That's one massive explosion.
Rocket startup Firefly Aerospace's Alpha rocket exploded spectacularly during its launch on Thursday — an unfortunate end to the first-ever launch of the rocket.
The rocket lifted off from Space Launch Complex 2 at the Vandenberg Space Force Base in California at around 10 pm Eastern. But two and a half minutes into its maiden voyage, the rocket started to tumble — and subsequently blew up in a massive fireball.
"Alpha experienced an anomaly during first stage ascent that resulted in the loss of the vehicle," the Austin, Texas-based aerospace firm said in a statement. "As we gather more information, additional details will be provided."
Footage captured by NASASpaceFlight shows the launch in its entirety. At first, everything seems to be going according to plan. But not long after liftoff, the rocket goes into a tailspin. Then comes a gigantic explosion, leaving behind a massive cloud of dark smoke.
Glass Half Full
The rocket was carrying just over 200 pounds worth of cubesats, technology demonstrations, as well as photos and memorabilia.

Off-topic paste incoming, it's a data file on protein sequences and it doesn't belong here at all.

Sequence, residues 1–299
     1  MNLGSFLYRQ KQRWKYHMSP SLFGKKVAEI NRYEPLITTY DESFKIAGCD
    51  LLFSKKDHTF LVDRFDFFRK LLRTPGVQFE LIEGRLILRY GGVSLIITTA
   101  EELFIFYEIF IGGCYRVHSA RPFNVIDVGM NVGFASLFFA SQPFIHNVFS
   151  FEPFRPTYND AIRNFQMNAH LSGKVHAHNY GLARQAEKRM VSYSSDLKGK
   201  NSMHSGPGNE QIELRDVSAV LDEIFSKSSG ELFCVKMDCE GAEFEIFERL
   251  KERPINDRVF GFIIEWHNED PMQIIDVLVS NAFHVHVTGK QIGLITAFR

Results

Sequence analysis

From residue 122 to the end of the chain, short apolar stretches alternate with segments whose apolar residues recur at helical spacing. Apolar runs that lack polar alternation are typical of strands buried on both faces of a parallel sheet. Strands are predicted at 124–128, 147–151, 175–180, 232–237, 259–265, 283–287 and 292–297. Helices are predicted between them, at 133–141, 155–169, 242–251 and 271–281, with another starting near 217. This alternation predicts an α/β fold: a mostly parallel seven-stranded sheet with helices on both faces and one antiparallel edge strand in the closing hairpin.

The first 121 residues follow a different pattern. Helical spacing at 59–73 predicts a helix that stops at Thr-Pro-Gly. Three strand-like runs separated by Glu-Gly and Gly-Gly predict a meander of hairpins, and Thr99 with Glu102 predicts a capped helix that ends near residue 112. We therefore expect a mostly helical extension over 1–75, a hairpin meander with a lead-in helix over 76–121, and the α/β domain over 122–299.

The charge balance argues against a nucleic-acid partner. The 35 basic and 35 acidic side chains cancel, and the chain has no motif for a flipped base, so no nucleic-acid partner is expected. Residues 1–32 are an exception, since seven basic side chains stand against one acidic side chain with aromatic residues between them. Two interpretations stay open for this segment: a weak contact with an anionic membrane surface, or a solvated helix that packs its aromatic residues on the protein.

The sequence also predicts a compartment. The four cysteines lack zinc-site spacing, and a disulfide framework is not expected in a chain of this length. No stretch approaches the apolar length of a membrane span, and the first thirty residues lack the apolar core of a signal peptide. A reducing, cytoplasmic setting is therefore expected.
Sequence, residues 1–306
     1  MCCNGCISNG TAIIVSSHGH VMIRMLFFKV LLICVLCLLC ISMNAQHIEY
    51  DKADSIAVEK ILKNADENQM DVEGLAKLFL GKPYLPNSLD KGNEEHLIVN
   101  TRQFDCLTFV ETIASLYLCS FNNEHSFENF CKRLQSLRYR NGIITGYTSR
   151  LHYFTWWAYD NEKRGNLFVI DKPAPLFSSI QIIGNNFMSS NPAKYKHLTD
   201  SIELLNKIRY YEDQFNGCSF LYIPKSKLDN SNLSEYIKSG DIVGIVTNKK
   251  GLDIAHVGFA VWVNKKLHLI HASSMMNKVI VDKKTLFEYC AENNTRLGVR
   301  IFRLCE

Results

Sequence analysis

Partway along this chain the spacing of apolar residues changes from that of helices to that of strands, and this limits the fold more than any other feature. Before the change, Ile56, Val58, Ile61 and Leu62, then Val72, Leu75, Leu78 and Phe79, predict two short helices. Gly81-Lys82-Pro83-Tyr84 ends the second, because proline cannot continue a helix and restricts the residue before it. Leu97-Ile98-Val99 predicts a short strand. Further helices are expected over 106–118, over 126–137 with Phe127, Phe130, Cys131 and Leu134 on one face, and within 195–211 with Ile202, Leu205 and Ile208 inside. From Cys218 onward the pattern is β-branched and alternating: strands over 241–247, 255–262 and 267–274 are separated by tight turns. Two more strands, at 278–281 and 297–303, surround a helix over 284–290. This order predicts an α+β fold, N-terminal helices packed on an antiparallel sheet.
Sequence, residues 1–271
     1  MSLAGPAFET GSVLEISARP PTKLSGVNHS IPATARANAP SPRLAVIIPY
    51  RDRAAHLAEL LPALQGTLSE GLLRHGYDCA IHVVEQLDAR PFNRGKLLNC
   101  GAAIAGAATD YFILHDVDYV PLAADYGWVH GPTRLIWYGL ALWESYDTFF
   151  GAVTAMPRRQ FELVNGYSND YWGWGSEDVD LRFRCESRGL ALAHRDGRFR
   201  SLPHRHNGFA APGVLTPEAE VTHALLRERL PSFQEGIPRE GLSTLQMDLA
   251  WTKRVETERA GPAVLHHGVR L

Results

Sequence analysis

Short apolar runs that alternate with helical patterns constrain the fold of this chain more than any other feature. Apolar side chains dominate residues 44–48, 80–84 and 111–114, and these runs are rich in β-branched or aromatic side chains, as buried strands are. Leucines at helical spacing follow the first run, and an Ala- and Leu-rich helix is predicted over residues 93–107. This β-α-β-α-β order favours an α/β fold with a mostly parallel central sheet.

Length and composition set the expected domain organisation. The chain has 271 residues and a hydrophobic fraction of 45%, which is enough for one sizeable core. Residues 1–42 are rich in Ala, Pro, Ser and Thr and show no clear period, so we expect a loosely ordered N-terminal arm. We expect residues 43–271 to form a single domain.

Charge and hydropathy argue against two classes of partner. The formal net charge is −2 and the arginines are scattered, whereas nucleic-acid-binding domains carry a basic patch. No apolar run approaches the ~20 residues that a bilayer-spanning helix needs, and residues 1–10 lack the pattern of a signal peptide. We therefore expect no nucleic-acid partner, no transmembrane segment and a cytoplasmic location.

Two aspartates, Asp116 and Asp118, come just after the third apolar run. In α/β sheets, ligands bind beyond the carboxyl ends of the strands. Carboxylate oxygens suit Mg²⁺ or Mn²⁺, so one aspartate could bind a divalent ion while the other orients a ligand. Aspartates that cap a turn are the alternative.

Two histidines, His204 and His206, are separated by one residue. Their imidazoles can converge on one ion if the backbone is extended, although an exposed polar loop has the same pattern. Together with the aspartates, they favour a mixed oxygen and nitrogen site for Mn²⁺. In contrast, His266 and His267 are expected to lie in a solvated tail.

Despite the explosion, the company is strikingly optimistic in its statement.
"While we did not meet all of our mission objectives," it said, "we did achieve a number of them: successful first stage ignition, liftoff of the pad, progression to supersonic speed, and we obtained a substantial amount of flight data.
The team's engineers, it says, are now "combing through thousands of lines of ground and flight system telemetry in order to better understand what occurred."
The company also revealed that it terminated the launch itself, according to SpaceNews, suggesting the explosion was triggered on purpose to ensure it didn't veer off its path. The rocket reportedly didn't gain enough speed early enough.
"Our really big goal is to get Alpha to space," Lauren Lyons, Firefly COO, said during a press briefing on Wednesday. "Our goals are to collect as much data as we possibly can and take Alpha as far as it can go."
READ MORE: Firefly Alpha explodes during first launch [SpaceNews]
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